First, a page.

Philippines: APO Cement Corporation, a subsidiary of Cemex Philippines, has ordered a 4.5MW waste heat recovery unit from China’s Sinoma Energy Conservation. Sinoma will build and operate it. The new unit is expected to reduce the negative effects of power cuts, save energy costs and reduce the cement plant’s carbon emissions. No delivery date or cost of the order has been disclosed.
Croatia: The proposed acquisition of Cemex Croatia by HeidelbergCement and Schwenk is set to be blocked by the European Commission according to sources quoted by Reuters. The commission started investing the deal in October 2016 following plans by HeidelbergCement and Schwenk to buy Cemex Croatia via their jointly owned subsidiary Duna Drava Cement (DDC). The deal would see the largest producer in the area merged with the largest importer. However, a final decision on the transaction has not been made yet and the European Competition Commissioner Margrethe Vestager could still rule in favour of it. The commission is expected to make a final decision by 18 April 2017.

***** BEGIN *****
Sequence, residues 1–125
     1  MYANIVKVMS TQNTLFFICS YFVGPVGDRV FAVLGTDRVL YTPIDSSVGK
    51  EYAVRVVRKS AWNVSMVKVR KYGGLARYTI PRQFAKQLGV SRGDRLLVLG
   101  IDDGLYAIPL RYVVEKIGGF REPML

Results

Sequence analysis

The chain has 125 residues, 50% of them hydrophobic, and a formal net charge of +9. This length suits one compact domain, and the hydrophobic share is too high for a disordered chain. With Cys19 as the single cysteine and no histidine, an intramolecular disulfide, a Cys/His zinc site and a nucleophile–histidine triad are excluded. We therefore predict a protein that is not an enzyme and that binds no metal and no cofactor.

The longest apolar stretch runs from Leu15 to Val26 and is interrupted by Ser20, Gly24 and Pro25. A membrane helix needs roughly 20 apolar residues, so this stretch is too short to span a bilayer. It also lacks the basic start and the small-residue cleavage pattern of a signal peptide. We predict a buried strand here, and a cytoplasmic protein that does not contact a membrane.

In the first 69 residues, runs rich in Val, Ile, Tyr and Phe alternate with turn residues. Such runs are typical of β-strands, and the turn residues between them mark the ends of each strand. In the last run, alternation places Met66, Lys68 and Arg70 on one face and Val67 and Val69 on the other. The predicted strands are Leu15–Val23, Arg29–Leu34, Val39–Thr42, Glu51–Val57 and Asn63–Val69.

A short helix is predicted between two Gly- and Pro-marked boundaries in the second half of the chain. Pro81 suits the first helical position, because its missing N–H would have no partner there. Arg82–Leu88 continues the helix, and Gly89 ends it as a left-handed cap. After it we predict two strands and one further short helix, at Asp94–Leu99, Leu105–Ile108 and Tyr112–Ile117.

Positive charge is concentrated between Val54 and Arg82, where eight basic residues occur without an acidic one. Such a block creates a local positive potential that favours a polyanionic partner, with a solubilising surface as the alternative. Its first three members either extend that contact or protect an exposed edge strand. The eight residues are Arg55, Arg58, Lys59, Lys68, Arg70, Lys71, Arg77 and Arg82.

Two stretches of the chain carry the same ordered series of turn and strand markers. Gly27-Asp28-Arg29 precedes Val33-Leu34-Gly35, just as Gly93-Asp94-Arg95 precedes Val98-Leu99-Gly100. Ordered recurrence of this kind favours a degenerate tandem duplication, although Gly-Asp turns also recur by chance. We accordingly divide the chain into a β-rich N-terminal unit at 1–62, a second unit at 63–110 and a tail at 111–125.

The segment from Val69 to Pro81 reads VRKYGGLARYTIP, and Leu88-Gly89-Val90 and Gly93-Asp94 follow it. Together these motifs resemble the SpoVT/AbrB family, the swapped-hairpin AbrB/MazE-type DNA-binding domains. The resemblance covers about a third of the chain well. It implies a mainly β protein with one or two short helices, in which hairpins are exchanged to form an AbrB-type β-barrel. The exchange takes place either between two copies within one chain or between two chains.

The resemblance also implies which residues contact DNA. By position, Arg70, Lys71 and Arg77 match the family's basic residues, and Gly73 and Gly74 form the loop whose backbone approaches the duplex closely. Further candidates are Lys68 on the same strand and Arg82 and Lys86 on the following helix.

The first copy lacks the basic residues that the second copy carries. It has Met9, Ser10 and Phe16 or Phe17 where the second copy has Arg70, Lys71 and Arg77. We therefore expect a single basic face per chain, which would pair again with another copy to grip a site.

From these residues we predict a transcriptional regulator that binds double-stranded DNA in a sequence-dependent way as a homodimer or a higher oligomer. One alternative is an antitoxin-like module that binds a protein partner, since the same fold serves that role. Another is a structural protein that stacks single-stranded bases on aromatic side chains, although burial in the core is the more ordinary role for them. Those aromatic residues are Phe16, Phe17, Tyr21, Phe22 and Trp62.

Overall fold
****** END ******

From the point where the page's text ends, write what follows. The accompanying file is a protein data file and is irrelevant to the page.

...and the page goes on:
Brazil: Camargo Corrêa is conducting talks to sell its cement business InterCement for US$6.5bn. Two bids, including one by Mexico’s Cemex, have already been made according to the O Globo newspaper. The Brazilian conglomerate was reportedly selling a minority stake in InterCement in mid-2015 and in late-2015 its chief executive officer Vitor Hallack said it was prepared to sell its assets to cut its debts.
InterCement is the second largest cement producer in Brazil with a production capacity of 15Mt/yr and 12 integrated cement plants. The country as a whole saw its domestic sales of cement fell by 11.7% year-on-year to 57.2Mt in 2016 according to data from the Brazilian National Union of Cement Industry.